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Njuri Ncheke honours Catholic missionary worker for providing water in Meru

Brother Giuseppe Argesse with Meru Catholic Diocese’s head Salesius Mugambi (right), when Argesse was installed as a Meru elder. [Photo:Phares Mutembei, Standard]

Brother Giuseppe Argesse, who came to Kenya from Italy in 1957 at the age of 23, has now been installed as a Meru elder.

The missionary christened ‘Mukiri’ by locals was among Italian plumbers, masons and carpenters invited to Kenya by Victor Bessone, the first bishop of Meru, to participate in infrastructure development launched by the Meru Catholic Diocese.

Now elderly, Argesse spends most of his time at the church’s Mukululu shrine and rarely ventures out of the shrine.

The Catholic office in Italy sent the missionary to Meru to help locals get water for domestic use and irrigation.

However, Argesse’s search for water in Nyambene hills was resisted by Njuri Ncheke elders who accused him of “desecrating” their sacred forest.

“I sank boreholes around here because provision of water was part of my work to spread the gospel,” Argesse reminisces, seated outside the huge Cathedral he helped to build.

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“The elders did not want me to go up the hills to plan how I could build reservoirs and distribute water to the people below in the villages. It was unfortunate that residents 10 kilometres away had no water, yet it was available in hills nearby,” he said, smiling. He added that the elders used to offer sacrifices to their gods on the hills.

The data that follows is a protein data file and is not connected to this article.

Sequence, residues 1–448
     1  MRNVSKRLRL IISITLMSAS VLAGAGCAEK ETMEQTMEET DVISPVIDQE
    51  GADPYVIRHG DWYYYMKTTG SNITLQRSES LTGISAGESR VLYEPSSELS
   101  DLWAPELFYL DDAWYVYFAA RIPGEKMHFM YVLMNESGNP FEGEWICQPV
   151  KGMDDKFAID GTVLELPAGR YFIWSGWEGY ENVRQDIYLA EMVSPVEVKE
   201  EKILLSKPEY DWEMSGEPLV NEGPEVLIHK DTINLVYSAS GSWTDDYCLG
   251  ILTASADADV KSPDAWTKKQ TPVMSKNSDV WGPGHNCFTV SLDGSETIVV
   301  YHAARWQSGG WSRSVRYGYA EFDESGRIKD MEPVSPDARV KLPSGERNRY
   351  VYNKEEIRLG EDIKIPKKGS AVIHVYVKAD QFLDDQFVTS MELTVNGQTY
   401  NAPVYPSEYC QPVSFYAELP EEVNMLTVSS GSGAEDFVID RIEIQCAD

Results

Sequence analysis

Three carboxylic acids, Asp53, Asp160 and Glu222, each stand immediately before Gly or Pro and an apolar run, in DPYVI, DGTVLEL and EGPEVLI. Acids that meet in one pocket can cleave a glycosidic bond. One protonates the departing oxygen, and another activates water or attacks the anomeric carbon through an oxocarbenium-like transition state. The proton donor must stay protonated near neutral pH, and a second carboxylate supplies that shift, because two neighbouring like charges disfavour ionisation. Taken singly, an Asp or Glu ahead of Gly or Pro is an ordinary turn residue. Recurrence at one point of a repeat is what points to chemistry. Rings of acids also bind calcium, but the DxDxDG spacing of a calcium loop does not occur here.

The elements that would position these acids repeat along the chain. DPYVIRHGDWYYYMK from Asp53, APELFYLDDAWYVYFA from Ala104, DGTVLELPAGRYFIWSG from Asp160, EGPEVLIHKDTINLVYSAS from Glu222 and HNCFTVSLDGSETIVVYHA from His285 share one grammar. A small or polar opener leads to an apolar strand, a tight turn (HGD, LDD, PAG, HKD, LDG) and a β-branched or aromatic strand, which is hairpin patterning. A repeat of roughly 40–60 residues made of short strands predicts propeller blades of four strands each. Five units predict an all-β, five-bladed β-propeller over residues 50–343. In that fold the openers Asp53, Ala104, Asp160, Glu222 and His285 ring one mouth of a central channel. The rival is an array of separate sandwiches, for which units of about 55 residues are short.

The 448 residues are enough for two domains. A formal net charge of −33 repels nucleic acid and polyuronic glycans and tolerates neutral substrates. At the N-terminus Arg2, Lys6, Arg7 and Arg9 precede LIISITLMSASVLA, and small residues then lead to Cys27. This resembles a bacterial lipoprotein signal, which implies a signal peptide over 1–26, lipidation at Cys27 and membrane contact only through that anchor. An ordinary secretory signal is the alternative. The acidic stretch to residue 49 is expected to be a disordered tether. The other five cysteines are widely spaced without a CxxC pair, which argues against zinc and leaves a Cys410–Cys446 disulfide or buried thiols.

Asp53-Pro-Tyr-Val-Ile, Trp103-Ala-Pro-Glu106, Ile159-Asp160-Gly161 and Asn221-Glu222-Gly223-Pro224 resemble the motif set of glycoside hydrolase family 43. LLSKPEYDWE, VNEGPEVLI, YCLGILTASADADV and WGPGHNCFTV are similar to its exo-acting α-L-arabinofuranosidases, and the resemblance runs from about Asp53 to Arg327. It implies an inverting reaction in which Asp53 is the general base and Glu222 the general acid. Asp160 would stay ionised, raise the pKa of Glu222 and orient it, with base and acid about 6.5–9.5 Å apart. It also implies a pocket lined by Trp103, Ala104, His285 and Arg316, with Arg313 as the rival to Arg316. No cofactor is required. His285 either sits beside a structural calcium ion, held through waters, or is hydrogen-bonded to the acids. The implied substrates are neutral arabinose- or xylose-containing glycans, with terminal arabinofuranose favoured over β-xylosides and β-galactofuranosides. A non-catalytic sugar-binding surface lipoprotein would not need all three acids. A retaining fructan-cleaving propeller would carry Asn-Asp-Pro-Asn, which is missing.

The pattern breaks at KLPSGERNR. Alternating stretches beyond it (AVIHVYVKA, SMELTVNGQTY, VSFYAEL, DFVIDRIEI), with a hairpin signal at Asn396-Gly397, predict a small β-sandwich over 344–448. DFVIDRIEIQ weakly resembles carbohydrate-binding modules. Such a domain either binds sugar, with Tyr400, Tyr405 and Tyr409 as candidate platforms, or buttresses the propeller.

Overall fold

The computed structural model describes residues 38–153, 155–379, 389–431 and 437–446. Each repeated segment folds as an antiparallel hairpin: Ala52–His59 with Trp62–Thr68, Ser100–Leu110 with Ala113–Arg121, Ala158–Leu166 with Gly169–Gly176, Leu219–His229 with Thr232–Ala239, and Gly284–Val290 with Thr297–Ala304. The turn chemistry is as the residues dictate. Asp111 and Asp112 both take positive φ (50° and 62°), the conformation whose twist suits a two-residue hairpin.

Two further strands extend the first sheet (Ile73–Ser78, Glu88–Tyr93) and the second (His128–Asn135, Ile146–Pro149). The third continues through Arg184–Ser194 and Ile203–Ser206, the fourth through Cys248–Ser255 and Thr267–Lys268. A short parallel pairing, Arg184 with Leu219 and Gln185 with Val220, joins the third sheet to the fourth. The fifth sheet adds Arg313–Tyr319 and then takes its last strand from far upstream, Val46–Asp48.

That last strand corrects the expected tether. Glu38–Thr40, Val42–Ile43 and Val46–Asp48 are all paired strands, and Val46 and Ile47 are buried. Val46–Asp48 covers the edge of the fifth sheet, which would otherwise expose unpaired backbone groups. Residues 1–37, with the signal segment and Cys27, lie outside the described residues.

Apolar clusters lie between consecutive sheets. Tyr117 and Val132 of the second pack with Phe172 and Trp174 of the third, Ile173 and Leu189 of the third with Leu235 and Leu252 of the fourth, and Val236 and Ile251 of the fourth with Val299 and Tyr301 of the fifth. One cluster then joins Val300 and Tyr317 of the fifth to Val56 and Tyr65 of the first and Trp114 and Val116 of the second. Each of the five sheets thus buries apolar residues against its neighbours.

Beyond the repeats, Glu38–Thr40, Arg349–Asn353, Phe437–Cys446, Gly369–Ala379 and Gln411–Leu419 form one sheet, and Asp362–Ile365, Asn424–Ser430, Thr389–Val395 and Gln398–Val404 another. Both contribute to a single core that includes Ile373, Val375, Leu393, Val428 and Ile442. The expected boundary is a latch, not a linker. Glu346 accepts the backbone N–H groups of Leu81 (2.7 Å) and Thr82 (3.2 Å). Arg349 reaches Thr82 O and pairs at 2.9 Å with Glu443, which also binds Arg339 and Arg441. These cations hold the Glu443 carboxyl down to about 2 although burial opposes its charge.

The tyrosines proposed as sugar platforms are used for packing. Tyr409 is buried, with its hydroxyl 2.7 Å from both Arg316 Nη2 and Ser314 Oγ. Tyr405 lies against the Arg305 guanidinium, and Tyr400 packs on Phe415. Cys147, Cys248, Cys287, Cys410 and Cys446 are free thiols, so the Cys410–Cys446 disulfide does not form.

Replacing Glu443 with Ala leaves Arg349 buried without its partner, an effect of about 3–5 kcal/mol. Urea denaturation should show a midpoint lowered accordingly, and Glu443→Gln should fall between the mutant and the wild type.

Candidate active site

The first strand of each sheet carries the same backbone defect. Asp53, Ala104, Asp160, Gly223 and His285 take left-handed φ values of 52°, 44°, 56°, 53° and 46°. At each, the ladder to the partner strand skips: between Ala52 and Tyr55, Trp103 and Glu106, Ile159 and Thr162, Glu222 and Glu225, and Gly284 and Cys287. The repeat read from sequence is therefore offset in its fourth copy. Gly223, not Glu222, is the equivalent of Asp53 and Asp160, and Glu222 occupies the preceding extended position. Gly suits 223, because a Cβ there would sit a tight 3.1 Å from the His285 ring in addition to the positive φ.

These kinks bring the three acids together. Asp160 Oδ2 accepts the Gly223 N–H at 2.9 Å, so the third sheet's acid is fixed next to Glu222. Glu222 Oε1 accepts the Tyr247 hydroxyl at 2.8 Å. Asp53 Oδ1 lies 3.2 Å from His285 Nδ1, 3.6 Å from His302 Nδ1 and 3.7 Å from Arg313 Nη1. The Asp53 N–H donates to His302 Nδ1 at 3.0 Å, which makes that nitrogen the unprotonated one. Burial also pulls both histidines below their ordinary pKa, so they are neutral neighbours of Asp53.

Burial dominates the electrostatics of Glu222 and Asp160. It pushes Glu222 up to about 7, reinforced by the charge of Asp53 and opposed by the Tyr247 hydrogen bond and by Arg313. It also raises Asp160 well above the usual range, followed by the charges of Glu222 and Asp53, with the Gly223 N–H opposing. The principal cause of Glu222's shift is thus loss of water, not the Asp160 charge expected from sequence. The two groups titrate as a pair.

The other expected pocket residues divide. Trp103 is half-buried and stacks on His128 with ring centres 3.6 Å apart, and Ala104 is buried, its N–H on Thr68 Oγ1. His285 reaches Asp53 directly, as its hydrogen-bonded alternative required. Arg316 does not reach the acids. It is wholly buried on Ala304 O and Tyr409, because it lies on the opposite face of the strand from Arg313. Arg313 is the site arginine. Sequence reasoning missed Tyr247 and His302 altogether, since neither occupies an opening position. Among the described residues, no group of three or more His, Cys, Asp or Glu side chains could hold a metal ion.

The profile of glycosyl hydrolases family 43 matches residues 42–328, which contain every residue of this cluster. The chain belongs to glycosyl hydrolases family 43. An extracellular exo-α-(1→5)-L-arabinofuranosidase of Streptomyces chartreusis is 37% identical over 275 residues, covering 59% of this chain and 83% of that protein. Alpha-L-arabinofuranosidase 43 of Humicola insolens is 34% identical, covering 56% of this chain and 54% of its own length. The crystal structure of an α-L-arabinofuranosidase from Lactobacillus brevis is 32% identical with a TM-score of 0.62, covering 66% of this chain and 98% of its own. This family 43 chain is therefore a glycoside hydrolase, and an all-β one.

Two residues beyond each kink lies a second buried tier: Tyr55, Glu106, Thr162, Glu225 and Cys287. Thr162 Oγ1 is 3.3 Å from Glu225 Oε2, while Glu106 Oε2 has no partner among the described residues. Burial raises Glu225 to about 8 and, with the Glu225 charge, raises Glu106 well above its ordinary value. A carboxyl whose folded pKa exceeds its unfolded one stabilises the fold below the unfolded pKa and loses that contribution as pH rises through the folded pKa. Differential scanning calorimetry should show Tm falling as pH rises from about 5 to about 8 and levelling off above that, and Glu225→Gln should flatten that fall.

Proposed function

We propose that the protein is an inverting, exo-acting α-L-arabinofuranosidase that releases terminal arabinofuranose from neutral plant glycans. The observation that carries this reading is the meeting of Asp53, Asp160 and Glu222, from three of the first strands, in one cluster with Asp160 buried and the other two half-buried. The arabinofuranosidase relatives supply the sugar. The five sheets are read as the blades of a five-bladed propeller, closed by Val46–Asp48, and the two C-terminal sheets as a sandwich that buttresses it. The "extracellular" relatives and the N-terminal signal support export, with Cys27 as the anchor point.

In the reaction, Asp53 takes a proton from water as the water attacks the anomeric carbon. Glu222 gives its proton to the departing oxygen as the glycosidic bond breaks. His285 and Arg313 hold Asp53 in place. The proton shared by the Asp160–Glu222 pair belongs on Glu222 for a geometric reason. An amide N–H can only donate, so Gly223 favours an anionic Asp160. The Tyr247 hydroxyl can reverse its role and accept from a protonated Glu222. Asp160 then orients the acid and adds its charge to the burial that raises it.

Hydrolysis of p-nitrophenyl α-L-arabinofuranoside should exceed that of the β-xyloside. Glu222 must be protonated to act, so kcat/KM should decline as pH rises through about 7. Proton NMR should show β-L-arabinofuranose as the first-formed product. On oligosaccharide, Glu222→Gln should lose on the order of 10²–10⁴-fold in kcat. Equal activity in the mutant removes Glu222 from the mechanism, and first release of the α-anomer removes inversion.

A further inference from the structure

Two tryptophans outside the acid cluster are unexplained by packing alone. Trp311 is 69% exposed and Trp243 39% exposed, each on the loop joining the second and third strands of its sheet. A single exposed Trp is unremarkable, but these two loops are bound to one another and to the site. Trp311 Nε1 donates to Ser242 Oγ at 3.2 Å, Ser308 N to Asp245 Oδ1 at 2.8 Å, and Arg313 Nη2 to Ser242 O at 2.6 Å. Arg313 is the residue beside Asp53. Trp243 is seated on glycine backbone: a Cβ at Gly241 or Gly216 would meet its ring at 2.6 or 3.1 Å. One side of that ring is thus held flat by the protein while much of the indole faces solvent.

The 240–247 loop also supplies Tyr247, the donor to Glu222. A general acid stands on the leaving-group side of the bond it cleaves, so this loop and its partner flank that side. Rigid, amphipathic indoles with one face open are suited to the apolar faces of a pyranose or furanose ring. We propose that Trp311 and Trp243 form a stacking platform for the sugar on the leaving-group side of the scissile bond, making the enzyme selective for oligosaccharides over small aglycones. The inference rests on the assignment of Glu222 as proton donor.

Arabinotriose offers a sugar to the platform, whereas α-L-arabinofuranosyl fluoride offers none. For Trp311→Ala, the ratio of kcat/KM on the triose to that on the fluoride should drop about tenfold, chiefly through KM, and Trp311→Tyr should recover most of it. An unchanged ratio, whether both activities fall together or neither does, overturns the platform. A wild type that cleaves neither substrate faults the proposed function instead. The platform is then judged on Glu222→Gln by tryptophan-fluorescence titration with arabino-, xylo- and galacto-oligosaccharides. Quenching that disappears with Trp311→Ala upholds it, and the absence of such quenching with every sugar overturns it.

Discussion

Argesse then sunk boreholes, built dams and water pans, bringing relief to thousands of people who had no reliable source of water.

Today, over 500,000 residents of Nyambene benefit from the diocese’s  water sources.

Njuri Ncheke Council of Elders has now installed ‘Mukiri’ (the name locals gave him) as a Meru elder, a show of honour for his work of not only spreading the gospel but also water.

“We have installed Argesse as an elder because he worked tirelessly to ensure people got water. The entire northern Meru had no water but because of him, residents now have water for domestic and irrigation purposes,” said Njuri Ncheke regional chairman Linus Kathera. 

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